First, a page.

One commonly used qualitative assessment experience is called, "The Life Line" (Goldman, 1992). The intent of this experience is to help clients reflect upon significant past events which have influenced them. Clients draw a horizontal timeline on a blank sheet of paper. They are then asked to recall past significant experiences, relationships, events or wishes which have influenced their lives, and to plot these along the timeline. The result gives the counselor detailed information about significant events in the client's developmental history.
Similarly, role plays can serve as a qualitative assessment experience. For example, a mental health counselor may ask a client to role play a recent anxiety provoking experience (e.g., an argument with a supervisor, receiving a speeding ticket, etc.). The role play provides the mental health counselor with a sample of the client's behaviors. As the role play is being demonstrated the counselor can query the client regarding possible negative self-talk (e.g., I'm so stupid, he'll never listen to me, etc.). Understanding the self-talk used by a client can help the counselor generate effective intervention ideas. Clients can also practice new counselor-directed behaviors or self-talk (e.g., I'm intelligent, he'll want to listen to me) within the counseling session through role plays.
Another qualitative assessment technique that can provide valuable information is a photograph safari. Depending upon the presenting concerns, the counselor may request that the client bring to the session photographs of the client's family-of-origin or childhood. The counselor and client can jointly review these photographs. Particular attention should be paid to: (a) those present in the photographs; (b) those consistently absent from the photographs (e.g., Are the client's siblings always included in the photographs but the client absent?); (c) common themes of the photographs (e.g., Are all the pictures taken on the family farm? Are pictures only taken during certain holidays?); (d) proximity to significant others posing in the photographs (e.g., Is the client consistently posed beside the client's father? Is the client consistently standing apart from other family members?); and (e) emotions displayed on family member faces (e.g., Does the client consistently pout or appear angry in photographs?). Such qualitative assessment techniques can promote insight for the client and therapeutic direction for the counselor.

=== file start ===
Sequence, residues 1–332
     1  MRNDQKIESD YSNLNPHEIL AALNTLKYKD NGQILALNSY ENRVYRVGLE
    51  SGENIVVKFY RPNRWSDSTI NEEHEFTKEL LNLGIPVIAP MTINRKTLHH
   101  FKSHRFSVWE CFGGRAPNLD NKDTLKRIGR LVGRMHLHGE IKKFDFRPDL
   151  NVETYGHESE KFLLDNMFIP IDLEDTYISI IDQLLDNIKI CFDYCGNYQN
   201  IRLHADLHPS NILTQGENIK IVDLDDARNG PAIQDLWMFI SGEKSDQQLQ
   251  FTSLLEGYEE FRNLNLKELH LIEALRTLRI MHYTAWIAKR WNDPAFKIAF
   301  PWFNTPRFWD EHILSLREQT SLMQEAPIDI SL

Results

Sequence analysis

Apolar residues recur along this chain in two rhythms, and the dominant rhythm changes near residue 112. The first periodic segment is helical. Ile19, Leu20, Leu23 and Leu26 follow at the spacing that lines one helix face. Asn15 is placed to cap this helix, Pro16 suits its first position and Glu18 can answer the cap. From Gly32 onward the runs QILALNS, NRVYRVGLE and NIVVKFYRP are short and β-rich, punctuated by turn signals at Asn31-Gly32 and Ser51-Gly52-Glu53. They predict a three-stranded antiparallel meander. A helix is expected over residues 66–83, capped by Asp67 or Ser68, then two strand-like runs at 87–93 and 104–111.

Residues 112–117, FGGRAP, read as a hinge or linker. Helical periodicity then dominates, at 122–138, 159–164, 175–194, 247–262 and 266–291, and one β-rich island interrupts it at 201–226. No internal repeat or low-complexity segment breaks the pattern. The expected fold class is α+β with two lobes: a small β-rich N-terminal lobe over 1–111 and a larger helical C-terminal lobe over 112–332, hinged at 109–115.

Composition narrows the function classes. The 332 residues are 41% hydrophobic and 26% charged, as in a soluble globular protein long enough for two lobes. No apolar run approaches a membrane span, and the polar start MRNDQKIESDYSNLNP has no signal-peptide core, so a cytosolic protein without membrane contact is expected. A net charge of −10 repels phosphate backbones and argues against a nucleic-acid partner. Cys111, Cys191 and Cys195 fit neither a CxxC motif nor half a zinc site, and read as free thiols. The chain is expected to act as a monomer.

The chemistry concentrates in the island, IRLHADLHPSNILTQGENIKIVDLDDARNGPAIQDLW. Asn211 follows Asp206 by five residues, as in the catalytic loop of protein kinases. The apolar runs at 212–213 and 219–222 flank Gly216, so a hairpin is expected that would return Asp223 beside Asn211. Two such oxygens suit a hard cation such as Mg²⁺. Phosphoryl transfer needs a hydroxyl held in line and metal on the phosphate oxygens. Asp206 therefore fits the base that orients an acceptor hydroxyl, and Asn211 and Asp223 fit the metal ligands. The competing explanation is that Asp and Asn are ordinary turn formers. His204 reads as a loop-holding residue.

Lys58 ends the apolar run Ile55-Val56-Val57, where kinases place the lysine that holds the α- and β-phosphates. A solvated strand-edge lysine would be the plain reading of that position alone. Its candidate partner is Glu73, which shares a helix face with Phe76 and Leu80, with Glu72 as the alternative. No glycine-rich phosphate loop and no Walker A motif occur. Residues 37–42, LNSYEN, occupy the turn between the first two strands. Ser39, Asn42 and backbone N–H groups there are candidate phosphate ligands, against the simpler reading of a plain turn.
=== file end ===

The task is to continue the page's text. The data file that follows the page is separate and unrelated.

Counselors using behavioral assessments are most interested in recording manifest behaviors. Emphasis is placed upon identifying antecedents to problem behaviors and consequences that reduce their frequency or eliminate them (Galassi & Perot, 1992). Both indirect and direct methods are used for behavioral assessments. Indirect methods of behavioral assessment might include the counselor interviewing the client or talking to significant others about the reported problem behavior. Indirect behavioral assessment provides important information about the client and the client's presenting concerns, but the information obtained may be contaminated by misperceptions or biases about the client or the client's behaviors. More direct methods reduce the probability of misperceptions or biases, and might include counselor observation of the client or client self-monitoring. A behavioral problem checklist or procedures especially designed to record the client's concerns directly (e.g., recording the frequency, duration and intensity of marital arguments) can be used to help clarify possible antecedents to behavioral problems and record what subsequent interactions result in their discontinuance.